An investigation by the German TV magazine Monitor from public broadcaster ARD has uncovered the involvement of German companies Knauf and WKB Systems in the reconstruction efforts of the city of Mariupol, devastated by the Russian full-scale invasion back in the spring of 2022.

Through analysis of annual reports, photographs, and videos, reporters discovered the presence of these companies in the war-ravaged Ukrainian city, which is currently under Russian occupation.

The journalists identified Knauf and WKB Systems logos on various construction equipment, house windows, packaging of concrete blocks, and bags of building materials scattered across Mariupol.

According to ARD, one of the official dealers of Knauf, a German construction materials manufacturer, publicly disclosed its involvement in a construction project on behalf of the Russian Defense Ministry in Mariupol. However, the specific dealer remains unspecified.

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Images from this construction site revealed bags prominently displaying Knauf logos.

Notably, Knauf is owned by German businessman Nicholas Knauf, who, as ARD highlights, served as the honorary consul of Russia for over two decades and has had encounters with Vladimir Putin.

Despite the war, Knauf, which boasts over 4,000 employees in Russia, announced it has no intentions of withdrawing from the country.

In response to inquiries, Knauf issued a statement condemning Russia’s “aggressive war against Ukraine” and asserted its compliance with all EU sanctions.

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The company clarified that its production in Russia is solely intended for the Russian market. However, Knauf left unanswered a list of questions submitted by the editorial team.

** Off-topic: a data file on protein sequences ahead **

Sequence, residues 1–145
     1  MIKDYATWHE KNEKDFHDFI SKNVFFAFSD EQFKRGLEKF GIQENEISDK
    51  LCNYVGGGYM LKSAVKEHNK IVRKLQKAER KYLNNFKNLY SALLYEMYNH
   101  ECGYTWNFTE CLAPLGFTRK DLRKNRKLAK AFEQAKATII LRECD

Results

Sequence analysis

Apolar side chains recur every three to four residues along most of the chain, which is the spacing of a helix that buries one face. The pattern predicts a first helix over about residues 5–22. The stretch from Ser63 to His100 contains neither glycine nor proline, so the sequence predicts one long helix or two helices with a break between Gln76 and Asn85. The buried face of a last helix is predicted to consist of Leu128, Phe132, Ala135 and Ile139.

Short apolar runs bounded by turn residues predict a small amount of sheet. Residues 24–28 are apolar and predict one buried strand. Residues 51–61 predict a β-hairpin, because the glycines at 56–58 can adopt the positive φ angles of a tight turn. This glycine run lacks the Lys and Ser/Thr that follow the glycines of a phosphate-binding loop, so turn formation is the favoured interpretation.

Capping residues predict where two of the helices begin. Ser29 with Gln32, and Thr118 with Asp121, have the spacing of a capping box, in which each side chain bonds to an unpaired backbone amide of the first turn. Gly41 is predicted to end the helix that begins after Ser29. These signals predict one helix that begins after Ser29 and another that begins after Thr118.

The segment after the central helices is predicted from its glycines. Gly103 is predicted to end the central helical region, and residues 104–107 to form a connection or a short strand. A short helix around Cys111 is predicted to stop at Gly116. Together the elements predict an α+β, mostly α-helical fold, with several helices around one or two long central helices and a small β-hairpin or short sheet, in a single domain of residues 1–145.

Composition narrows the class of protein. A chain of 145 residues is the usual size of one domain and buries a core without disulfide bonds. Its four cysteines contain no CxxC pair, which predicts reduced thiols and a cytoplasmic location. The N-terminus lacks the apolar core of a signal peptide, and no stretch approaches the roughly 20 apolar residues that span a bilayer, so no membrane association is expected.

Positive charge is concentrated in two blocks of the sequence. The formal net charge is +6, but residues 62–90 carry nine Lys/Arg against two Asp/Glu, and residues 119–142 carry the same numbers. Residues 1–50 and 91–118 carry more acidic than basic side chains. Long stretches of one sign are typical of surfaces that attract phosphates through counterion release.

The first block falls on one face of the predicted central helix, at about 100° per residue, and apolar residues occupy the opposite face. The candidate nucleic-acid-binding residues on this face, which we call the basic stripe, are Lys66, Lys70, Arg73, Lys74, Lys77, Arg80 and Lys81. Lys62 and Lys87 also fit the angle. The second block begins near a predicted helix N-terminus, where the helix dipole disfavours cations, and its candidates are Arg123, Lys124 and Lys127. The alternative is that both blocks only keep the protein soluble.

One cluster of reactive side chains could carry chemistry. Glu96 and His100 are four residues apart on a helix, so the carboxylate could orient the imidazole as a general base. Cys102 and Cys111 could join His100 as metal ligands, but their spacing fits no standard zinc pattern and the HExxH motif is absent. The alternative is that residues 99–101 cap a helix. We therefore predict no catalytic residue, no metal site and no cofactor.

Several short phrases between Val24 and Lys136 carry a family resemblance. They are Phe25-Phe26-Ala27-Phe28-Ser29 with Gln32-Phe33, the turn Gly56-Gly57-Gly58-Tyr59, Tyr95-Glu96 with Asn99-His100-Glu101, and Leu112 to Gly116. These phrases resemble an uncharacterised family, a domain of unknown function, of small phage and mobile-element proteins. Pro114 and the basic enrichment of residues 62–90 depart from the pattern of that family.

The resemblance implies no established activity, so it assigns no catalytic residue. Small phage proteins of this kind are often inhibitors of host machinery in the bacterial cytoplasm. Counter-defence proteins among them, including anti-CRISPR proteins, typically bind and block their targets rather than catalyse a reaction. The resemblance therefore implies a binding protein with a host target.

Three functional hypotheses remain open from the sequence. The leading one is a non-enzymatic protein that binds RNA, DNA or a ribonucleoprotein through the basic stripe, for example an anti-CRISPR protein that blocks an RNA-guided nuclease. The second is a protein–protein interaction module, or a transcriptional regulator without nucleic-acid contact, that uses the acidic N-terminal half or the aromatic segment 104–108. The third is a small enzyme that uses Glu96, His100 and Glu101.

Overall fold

Additionally, German company WKB Systems, specializing in equipment for cellular concrete and silicate brick factories, was also found to be involved in Mariupol's reconstruction.

Experts consulted by ARD emphasized the ethical dilemma faced by companies, asserting that even if building materials don't fall under EU sanctions, firms should refrain from deriving any benefits from a war that violates international law.

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Mariupol, which suffered extensive destruction in the initial days of the war, saw Russian troops severely bombing the city's residential areas, causing upwards of 75,000 deaths, mass graves and widespread destruction.

A joint investigation by Human Rights Watch, SITU Research, and Truth Hounds in February 2024 revealed that over 90 percent of residential buildings in the city center were destroyed.

Following the city’s annexation, Russian authorities outlined plans for Mariupol’s reconstruction by 2035. In August 2022, the Kremlin’s Ministry of Construction announced intentions to complete the restoration within three years.

In November, a documentary called “Shock Prices for Apartments in Mariupol” was released on YouTube. The film investigates the current real estate market in Mariupol and highlights how Russians are investing in the homes left behind by those who were killed or forced to flee after Moscow’s invasion.

Released on the channel “Mirnye,” the film dives into Mariupol’s real estate market, asking questions about buying property in a city that’s been devastated.

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The documentary addresses questions such as: “Is it worth investing in places wrecked by the war, hoping to make a buck when things get better? What apartments are offered for sale, and what does the price depend on?”

Mariupol's abandoned and ruined houses are called “razrushky,” which can be loosely translated as “ruins.”

The documentary features discussions with three local real estate agents showcasing properties across the city, abandoned hastily by residents amid the chaos of war.

The realtors say these ruined properties are in demand and being touted as “invaluable investments.”

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